Tuesday, June 15, 2010

A Royal Visit to the Prairie

One day after my post on monarch butterflies, another member of the royal family made its presence known on the prairie. When I arrived home from work, there were seven queen butterflies roaming around the prairie and sipping nectar from the Gregg’s Mistflower, Conoclinium greggii or Eupatorium greggi. The queens were joined by a few skippers.
 
At first glance, monarch and queen butterflies may look the same, but once they open their wings, it is easy to tell the difference. Monarchs have a black veining pattern on their open wings and queen butterflies do not.

This photo from 2008 shows a monarch on Eryngo, Eryngium leavenworthii .

This photo shows a queen butterfly in the prairie today.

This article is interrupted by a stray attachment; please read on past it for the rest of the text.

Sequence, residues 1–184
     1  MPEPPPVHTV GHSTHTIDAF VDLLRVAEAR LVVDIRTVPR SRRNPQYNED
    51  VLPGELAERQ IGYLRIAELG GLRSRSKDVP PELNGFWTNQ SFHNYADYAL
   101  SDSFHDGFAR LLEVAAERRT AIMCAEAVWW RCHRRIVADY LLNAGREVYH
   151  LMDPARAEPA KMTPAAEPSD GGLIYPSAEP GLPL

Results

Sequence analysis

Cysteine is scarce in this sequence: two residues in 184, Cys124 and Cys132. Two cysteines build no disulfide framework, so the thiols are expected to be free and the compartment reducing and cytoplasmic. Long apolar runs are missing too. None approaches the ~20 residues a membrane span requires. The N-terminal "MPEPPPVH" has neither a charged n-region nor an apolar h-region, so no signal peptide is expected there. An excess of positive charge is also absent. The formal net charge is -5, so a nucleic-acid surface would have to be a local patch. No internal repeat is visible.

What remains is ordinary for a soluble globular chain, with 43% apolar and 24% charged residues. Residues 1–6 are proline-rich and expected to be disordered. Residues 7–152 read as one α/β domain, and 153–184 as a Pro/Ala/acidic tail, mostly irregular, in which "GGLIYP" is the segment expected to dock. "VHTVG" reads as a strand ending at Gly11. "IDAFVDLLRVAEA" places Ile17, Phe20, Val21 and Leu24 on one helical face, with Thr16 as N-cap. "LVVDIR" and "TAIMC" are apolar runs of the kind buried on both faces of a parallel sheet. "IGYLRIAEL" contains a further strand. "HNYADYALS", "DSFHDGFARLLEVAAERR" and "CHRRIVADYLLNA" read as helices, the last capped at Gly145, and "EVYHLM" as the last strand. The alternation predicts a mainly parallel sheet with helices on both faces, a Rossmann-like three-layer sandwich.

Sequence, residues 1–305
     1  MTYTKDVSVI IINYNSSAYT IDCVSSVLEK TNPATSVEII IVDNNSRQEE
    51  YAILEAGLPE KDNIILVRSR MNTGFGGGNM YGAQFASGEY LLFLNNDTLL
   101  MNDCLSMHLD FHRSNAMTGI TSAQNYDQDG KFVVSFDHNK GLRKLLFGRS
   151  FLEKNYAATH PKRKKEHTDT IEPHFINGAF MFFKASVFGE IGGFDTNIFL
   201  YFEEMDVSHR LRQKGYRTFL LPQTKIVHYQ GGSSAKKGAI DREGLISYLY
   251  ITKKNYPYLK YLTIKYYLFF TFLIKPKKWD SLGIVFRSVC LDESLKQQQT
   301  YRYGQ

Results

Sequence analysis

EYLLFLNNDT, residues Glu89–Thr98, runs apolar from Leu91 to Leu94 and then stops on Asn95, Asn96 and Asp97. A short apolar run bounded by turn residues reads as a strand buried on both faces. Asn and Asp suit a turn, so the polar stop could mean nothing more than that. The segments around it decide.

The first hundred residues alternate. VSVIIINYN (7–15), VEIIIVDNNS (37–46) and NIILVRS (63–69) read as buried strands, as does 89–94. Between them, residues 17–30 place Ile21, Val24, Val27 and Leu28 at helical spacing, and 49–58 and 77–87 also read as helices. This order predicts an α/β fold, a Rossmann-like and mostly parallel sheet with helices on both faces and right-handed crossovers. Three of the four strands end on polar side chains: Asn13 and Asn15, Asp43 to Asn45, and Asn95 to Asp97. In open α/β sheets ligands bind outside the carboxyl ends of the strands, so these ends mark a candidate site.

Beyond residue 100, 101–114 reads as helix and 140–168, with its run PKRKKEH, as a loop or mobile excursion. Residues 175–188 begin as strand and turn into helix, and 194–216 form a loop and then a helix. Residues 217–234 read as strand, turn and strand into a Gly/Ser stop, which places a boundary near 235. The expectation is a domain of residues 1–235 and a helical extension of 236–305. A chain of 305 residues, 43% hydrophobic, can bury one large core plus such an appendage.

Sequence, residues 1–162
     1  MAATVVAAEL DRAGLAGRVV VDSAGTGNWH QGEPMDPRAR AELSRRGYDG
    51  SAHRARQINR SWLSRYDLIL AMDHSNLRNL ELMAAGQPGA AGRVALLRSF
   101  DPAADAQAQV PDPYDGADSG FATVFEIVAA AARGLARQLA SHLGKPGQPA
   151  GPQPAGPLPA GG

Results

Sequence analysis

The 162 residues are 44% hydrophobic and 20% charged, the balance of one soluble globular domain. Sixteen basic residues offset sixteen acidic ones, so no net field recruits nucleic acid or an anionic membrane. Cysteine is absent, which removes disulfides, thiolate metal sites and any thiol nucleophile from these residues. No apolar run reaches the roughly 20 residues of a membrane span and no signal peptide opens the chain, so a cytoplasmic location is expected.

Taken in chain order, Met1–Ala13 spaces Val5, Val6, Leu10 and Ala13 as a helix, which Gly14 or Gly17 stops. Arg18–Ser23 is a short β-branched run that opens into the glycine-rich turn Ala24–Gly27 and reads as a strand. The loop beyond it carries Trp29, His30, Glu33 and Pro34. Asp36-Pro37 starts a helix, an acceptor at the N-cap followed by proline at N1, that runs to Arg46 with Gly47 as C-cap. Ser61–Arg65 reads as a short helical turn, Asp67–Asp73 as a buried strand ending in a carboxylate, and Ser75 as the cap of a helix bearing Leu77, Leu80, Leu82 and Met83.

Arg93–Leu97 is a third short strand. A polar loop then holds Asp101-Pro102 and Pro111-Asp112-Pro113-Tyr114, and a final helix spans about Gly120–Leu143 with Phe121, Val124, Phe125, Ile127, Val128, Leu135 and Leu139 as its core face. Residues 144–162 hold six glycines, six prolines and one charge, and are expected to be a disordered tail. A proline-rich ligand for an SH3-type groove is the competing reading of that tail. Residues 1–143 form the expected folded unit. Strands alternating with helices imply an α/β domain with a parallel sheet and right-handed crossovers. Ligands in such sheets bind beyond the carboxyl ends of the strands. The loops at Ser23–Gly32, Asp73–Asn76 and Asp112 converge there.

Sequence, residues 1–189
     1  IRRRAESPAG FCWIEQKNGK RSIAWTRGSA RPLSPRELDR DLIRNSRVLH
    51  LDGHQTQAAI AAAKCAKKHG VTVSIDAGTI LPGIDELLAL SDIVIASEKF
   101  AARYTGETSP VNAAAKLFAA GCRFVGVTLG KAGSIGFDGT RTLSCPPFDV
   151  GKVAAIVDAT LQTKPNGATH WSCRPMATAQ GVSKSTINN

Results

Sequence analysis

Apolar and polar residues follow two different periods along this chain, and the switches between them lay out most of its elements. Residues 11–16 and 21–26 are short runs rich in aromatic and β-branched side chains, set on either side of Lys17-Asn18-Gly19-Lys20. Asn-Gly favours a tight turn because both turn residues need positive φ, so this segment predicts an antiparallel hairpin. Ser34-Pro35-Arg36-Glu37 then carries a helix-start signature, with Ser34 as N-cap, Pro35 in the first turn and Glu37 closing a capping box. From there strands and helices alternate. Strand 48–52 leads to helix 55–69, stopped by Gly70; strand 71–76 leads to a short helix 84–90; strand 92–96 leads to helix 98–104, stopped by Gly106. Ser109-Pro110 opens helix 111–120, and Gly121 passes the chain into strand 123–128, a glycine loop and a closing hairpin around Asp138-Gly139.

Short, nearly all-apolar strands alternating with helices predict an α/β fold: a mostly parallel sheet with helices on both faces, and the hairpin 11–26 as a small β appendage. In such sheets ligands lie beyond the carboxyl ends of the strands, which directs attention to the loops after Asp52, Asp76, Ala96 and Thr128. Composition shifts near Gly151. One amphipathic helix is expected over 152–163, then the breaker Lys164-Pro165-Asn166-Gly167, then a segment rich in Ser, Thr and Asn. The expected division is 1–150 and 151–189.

Plant some Gregg’s mistflower and you are guaranteed to attract monarch, queen and many other butterflies and bees to your garden. You just don’t get that with impatiens and begonias.

1 comment:

  1. You're so right. There have been times when 30 queens have risen when I walked past our Gregg's mistflower. It's too much fun to see so many beauties at once. I've wondered if they migrate? We see more of them in late summer/early fall. But we have green milkweed vines in our woodland which might serve as hosts.

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